The next morning there was a particularly interesting session with the Globe Publisher, Phillip Crawley, about a front page headline referring to the new LIV golf tour. I took part naturally because I have been following the drama of this new Saudi sponsored tour. I also spent a bit of time talking about the arts coverage of the paper and was happy to hear that in September there would be a separate section on the arts in the Saturday Globe. Yes!
We headed off to another tasting this time at Chateau Clinet a Pomerol, and a distinguished one at that. The wine guide was very knowledgeable. She explained things clearly and concisely. It was an enjoyable tour. Lunch followed back at the ship and I noticed that my clothes seemed to be shrinking, and I hadn’t even had them laundered. Hmm. We had a wonderful dinner aboard with excellent wines; gravlax salmon, tuna tataki, soup with quail egg, beef short ribs and carrot mash, and a mousse for dessert as well as petits fours. Champagne, Sauterne, Saint Julien etc. I could feel my clothes continuing to get smaller. Mon Dieu!
The following day there was a scheduled excursion to Bordeaux, as well as a cycling tour, and a food trip. Before the voyage we had an opportunity to choose our tours etc., but I thought if it were possible we could meet up for lunch in Bordeaux with a very old friend whom we had not seen for years. Anne-Marie Dauriac was an owner at one time of a fabulous St. Emilion, Chateau Destieux, and a Pomerol,Clemence. After her divorce I am not sure of her involvement, but she also was an accredited pathologist, although I figured she would be retired by now. I had even sung at the wedding of her daughter in a beautiful St. Emilion church many years ago. Anne-Marie was delighted to meet with us for lunch and the date was set. That morning Charles and I went on a 2 hour walk in Bordeaux, assuming we would easily find our meeting place the Maison des Vins. Turns out it wasn’t easy although the building was giant and extremely modern and curvy. We arrived late, which is rare for us, but Anne-Marie and her new husband were very gracious and we spent a few hours over lunch, speaking French, as Jean-Louis’ English was non-existent, and drinking some delightful wines. But mostly we caught up with each others lives, children, grand children, the usual topics. We ate wonderful fish, and eventually bid them farewell. We took a taxi and they were on a motorcycle, which they explained was really the only way to travel in Bordeaux. There they were with matching helmets, two 70 something year olds, very happily driving in the traffic and waving to us. In fact I have never seen Anne-Marie so full of joy.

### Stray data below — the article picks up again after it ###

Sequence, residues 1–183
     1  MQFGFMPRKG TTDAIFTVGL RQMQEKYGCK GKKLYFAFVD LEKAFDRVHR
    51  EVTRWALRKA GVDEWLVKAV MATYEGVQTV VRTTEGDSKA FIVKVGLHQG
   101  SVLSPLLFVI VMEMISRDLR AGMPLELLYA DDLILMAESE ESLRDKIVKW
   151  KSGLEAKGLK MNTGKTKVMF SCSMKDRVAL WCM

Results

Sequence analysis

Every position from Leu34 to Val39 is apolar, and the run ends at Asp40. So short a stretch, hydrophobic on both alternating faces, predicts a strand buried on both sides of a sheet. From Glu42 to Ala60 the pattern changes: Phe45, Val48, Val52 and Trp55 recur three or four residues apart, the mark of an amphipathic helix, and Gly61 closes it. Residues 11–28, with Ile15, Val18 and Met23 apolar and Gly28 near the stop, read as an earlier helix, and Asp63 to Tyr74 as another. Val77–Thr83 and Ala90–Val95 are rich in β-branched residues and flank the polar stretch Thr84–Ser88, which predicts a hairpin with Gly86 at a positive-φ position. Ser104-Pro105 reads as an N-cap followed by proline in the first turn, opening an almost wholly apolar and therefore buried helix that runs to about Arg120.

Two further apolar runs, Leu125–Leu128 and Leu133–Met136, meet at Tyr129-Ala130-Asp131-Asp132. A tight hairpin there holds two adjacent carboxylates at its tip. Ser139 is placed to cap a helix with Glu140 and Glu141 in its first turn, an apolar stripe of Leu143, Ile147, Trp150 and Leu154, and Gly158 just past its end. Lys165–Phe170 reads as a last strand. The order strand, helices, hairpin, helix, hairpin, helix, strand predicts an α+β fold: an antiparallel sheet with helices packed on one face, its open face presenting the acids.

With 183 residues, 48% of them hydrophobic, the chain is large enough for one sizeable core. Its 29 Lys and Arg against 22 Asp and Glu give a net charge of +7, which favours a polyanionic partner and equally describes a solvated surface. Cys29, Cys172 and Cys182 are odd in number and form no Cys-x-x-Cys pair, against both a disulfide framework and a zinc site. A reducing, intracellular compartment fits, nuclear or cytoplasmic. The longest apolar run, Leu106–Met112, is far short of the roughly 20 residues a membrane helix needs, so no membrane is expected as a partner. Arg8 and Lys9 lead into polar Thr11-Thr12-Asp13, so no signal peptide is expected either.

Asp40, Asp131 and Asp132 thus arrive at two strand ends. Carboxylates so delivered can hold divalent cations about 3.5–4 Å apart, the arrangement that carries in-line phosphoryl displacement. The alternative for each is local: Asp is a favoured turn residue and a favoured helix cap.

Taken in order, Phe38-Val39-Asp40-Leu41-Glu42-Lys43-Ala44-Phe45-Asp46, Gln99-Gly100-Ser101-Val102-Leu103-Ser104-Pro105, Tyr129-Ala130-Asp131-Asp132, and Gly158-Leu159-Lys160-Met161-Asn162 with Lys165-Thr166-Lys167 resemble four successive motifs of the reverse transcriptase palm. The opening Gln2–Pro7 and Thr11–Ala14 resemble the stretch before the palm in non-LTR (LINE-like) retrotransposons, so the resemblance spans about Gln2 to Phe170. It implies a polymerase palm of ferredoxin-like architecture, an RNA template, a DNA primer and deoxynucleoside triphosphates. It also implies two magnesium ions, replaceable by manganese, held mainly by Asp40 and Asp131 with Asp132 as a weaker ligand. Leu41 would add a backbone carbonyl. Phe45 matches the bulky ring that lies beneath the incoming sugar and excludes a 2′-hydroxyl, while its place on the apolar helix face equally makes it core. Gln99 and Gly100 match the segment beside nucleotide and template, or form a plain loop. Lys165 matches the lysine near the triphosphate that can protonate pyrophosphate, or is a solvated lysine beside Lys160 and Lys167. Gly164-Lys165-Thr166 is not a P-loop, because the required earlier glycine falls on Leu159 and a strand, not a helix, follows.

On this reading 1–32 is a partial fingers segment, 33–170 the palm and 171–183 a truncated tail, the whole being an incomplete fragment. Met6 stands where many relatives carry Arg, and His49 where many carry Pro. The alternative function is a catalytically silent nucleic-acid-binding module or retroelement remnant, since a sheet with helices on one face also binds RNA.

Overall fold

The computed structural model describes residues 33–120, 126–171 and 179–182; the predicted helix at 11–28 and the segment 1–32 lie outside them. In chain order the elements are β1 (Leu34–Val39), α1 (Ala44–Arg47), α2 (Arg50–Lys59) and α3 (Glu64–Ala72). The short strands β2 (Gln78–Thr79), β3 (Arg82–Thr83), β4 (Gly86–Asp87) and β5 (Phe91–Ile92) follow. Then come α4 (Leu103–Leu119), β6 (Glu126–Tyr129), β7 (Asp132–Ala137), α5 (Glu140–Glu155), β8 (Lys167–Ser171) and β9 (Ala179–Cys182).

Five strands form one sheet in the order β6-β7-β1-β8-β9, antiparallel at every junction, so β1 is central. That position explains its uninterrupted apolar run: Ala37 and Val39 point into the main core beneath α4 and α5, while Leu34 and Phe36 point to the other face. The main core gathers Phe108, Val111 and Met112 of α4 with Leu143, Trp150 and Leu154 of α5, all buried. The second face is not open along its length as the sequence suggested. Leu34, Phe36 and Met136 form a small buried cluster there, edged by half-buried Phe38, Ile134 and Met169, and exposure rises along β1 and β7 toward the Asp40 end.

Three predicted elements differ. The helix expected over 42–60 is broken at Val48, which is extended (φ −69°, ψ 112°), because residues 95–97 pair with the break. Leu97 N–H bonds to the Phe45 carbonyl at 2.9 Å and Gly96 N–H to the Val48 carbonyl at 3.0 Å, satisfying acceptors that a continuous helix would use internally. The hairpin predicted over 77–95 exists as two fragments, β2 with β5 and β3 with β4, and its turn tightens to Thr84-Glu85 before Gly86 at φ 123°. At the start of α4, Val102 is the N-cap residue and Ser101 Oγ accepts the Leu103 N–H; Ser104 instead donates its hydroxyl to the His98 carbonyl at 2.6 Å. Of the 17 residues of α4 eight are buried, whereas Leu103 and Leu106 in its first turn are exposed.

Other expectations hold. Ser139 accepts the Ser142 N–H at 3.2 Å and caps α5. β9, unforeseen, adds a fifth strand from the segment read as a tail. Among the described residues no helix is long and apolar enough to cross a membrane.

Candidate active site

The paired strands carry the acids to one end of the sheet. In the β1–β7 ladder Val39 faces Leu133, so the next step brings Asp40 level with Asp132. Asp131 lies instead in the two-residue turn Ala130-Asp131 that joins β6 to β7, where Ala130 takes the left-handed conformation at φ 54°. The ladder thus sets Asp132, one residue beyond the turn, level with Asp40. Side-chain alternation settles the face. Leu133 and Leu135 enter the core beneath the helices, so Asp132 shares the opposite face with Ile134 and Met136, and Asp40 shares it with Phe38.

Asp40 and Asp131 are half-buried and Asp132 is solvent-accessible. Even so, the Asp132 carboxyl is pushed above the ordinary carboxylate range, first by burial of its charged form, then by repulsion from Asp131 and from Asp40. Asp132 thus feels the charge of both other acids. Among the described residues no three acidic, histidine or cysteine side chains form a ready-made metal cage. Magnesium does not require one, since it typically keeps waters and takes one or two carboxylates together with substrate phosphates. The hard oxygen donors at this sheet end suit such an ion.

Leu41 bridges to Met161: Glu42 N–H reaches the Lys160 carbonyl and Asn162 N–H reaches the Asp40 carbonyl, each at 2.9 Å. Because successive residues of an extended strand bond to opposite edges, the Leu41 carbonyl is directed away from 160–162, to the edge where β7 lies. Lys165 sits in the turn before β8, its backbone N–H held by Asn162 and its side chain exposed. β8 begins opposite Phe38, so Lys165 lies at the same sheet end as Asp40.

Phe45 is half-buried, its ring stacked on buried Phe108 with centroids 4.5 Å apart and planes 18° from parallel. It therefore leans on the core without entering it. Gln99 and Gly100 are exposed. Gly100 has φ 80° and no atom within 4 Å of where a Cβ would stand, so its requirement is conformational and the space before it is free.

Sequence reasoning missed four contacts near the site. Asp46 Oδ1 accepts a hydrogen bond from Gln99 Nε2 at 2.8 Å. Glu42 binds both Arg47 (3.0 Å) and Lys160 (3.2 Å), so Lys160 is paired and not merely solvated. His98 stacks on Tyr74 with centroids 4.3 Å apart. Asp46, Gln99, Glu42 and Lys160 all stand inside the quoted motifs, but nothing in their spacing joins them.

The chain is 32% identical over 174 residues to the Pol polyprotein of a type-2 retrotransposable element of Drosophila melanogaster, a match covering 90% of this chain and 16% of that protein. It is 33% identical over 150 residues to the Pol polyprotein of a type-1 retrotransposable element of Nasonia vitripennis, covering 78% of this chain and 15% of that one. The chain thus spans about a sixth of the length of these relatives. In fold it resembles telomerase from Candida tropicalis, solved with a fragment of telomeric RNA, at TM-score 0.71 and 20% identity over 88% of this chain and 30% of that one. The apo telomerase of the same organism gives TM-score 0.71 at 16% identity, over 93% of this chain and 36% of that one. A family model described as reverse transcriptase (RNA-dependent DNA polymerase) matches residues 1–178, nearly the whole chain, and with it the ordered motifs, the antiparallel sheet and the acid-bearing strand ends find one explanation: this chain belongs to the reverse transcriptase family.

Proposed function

Charles and I headed back to the ship for a cognac tasting by the representative of Hine cognac, and I really didn’t want to miss that. It was fun trying many different vintages, and then we were offered the glasses that we drank from. We washed them and wrapped them carefully to transport them, a nice memory every time we use them in Toronto. Our final night dinner followed this tasting, and we shared our table with Liz and Wouter, eating lobster and talking about all the other guests, and marvelling what a wonderful time we all had.
We were pretty well packed before dinner so the morning was not stressful. We had chosen not to do an add on from the cruise itinerary which included a visit to Smith Haute Lafite, a well respected winery at a resort called Les Sources de Caudalie. Many years before we had stayed at this charming and elegant location , and I looked into and thought it would be fun to book it for a night as we were flying to Paris the next day. When I was booking our room, I noted that they held cooking classes with a chef from the 2 Michelin Star restaurant, La Grand Vigne that was on the property. I thought, ‘why not?’ We love cooking classes. So I signed us up. We had to be at the hotel at 10:00am to start the course which included lunch afterwards in the famed restaurant. We arrived early and did the check in, although our room was not ready. I also booked their casual restaurant for dinner that evening. Ha! Little did I know then.